The Rachel Maddow Show, Transcript 07/29/09

Kent Jones, Gov. Tim Kaine, Rep. Alcee Hastings, Melissa Harris-Lacewell, Sarah Chayes

RACHEL MADDOW, HOST:  Thank you for staying with us for the next hour.

The strangest politics story of the day is news that a car bomb in New Orleans has apparently targeted the campaign advisor to the porn star who is running for Senate against David Vitter.  Hands down—that is the weirdest politics story of the day.

Hands down the most important politics story of the day—is the president trying for health care reform against a barrage of truly odd conspiracy theories and a barrage of attacks against him all based on race.

This is supposed to be the slow news days part of the year—yes, right.

There‘s lots coming up this hour.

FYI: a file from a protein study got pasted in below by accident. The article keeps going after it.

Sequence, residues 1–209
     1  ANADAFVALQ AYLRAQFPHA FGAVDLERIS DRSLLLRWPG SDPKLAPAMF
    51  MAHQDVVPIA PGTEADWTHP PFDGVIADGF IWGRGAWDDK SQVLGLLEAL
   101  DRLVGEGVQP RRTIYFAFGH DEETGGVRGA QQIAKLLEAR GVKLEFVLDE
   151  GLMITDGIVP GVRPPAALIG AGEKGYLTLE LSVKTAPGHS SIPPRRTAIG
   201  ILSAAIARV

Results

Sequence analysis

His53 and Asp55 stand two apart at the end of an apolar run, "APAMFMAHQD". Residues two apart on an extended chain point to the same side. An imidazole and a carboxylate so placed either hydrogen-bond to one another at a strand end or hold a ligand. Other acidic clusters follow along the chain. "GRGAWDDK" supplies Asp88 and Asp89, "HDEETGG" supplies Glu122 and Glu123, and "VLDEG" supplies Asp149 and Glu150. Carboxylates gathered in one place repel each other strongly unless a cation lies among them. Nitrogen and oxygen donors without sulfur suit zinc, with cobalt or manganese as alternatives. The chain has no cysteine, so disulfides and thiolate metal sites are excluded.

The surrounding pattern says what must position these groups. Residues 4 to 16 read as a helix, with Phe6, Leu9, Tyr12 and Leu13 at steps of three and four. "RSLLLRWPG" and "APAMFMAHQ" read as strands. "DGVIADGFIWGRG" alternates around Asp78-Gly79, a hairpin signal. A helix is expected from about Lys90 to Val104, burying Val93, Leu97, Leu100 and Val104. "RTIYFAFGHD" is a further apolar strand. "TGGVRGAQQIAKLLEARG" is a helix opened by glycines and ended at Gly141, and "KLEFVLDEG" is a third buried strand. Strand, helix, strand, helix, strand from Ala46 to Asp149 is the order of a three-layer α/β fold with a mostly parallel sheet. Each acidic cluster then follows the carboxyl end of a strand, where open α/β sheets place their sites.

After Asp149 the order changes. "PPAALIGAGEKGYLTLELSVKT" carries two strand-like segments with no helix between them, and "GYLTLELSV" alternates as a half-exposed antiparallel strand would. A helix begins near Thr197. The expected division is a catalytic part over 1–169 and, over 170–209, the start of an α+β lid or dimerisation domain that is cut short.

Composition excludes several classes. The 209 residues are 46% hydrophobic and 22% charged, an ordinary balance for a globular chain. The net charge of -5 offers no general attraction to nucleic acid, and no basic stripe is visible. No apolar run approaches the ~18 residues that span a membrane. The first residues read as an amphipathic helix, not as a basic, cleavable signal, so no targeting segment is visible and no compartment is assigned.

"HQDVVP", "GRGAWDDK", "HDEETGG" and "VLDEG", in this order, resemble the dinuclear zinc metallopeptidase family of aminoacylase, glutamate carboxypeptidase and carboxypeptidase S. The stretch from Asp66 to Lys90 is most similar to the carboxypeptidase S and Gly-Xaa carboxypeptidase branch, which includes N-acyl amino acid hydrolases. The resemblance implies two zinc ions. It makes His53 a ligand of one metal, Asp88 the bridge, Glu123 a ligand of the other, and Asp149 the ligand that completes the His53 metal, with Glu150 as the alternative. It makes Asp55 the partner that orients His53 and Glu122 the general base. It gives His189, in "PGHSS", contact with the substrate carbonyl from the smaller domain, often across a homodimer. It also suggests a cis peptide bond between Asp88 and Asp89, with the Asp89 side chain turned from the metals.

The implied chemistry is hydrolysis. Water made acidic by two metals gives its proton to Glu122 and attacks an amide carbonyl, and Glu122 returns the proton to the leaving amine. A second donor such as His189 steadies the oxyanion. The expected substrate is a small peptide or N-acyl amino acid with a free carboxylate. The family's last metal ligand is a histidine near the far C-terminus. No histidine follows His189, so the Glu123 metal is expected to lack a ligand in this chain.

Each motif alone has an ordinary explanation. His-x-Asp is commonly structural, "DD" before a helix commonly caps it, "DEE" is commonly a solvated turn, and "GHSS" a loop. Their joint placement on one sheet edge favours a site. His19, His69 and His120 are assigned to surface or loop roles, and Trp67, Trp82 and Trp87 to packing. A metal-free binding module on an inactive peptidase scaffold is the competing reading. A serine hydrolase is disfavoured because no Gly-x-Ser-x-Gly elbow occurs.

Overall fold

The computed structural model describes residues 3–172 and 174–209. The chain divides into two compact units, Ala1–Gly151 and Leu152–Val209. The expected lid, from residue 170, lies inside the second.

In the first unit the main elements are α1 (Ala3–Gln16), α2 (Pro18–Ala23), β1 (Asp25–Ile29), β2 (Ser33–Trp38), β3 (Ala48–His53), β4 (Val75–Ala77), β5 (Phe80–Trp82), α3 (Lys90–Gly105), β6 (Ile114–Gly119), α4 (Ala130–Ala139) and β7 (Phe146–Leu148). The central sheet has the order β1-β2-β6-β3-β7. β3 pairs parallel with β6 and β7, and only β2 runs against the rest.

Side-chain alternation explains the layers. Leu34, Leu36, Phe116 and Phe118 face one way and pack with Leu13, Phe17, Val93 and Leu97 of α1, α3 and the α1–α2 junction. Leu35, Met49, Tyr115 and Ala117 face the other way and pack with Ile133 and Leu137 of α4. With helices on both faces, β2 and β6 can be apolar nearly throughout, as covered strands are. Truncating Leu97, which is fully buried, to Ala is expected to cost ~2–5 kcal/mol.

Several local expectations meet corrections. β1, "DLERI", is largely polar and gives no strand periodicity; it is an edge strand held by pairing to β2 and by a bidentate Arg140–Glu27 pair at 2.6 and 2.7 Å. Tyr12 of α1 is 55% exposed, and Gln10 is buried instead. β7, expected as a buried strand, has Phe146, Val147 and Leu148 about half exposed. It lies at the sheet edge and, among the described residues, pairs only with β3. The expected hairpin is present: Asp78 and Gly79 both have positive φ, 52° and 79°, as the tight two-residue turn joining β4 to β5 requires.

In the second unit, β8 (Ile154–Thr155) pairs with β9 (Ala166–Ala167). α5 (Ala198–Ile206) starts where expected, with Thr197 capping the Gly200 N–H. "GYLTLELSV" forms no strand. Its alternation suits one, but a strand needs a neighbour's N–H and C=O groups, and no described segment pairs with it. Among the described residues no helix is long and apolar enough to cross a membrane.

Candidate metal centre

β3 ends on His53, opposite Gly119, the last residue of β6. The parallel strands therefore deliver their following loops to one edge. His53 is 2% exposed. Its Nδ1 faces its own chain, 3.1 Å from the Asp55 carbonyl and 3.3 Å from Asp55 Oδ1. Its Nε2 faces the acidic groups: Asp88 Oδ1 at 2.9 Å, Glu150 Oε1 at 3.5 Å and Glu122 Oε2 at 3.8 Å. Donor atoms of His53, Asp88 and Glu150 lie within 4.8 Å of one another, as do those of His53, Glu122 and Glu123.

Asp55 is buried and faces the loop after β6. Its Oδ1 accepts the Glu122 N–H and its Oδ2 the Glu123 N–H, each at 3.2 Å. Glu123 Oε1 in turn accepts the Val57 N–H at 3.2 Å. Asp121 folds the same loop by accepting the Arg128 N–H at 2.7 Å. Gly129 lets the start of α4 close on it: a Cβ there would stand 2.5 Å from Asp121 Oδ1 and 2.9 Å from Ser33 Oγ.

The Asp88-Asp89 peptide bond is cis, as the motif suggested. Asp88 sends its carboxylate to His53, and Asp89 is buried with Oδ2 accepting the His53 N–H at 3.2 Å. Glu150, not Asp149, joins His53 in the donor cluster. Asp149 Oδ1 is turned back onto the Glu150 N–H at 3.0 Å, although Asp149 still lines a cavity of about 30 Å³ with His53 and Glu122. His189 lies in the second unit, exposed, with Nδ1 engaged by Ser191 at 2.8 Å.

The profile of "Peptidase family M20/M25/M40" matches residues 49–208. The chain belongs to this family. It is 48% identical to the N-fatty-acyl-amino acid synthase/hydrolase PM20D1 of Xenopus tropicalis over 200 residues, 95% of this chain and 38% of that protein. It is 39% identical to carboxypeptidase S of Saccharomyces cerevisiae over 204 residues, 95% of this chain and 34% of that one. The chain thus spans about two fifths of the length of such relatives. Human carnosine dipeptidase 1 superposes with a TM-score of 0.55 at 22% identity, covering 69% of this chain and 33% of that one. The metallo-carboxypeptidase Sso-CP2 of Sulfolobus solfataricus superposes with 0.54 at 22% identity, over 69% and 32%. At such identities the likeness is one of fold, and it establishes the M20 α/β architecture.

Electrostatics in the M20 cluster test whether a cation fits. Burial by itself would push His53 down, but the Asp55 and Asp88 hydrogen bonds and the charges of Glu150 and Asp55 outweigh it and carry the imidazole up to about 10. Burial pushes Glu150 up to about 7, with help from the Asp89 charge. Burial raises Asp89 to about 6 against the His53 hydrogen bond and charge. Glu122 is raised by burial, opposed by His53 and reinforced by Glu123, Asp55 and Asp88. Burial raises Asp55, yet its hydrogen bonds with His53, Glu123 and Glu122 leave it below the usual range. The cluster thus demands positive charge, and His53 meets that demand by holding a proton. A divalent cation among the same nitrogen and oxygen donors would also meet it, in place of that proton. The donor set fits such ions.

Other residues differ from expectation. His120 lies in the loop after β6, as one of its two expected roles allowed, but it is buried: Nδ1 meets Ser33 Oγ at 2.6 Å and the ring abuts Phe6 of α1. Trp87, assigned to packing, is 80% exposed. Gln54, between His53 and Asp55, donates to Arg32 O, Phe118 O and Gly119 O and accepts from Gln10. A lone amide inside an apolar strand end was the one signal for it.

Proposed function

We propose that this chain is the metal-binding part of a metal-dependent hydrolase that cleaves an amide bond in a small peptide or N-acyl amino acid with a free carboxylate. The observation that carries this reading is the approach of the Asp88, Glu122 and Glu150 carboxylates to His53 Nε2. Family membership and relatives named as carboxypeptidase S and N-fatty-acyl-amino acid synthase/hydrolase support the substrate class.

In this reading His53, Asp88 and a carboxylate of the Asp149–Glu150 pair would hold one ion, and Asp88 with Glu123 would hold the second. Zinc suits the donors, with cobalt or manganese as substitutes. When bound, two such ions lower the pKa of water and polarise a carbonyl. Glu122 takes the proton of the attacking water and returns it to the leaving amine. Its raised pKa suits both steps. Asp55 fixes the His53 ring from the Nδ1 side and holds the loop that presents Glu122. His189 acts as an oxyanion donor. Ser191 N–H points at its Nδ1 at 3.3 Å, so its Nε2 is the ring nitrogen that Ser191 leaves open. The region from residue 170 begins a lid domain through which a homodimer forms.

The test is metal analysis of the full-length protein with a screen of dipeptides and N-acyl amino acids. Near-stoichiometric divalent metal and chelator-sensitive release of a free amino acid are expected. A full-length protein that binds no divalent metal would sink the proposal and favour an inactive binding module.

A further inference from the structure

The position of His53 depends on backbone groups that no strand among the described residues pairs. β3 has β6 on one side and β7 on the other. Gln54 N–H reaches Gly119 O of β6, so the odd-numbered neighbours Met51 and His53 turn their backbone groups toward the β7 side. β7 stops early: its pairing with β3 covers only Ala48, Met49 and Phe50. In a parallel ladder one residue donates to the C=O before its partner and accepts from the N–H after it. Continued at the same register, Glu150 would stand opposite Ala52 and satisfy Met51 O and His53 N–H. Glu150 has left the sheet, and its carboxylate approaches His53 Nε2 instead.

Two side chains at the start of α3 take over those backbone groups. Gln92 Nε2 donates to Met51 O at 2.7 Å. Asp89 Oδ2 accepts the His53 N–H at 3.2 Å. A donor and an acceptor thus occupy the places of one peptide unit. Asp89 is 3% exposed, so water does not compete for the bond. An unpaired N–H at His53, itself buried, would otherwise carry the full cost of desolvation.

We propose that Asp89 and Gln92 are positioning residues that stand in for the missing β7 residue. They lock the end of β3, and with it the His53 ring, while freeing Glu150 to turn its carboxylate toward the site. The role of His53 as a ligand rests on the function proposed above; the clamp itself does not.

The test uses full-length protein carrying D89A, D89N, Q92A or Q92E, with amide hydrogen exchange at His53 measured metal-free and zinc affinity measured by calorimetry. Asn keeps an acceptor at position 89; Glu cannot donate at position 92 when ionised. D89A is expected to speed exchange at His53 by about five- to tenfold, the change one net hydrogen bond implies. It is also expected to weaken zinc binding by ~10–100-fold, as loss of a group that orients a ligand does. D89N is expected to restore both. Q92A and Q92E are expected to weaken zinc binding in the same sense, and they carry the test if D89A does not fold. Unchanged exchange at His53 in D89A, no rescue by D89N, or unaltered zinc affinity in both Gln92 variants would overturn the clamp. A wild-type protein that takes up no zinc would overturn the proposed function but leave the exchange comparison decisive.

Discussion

But we begin with the confluence of wacky new conspiracy theories in U.S. politics and wacky old special interest driven D.C. tactics.  In 1993, the last time a newly-elected Democratic president was pursuing health care reform, two of his most formidable foes were Harry and Louise, a fictional middle-aged couple sitting at a kitchen table talking smack about how dangerous it would be to reform the American health care system.

Harry and Louise, of course, weren‘t just a freelance actual middle-class couple concerned about cutting into the insurance industry‘s profit margins.  They were actors.  They were hired by the insurance industry to try to sink the reform plan.

Well, incidentally, the same actors who portrayed Harry and Louise back in 1993, this year, have been hired by pro-health care reform forces to try to sell the idea of reform.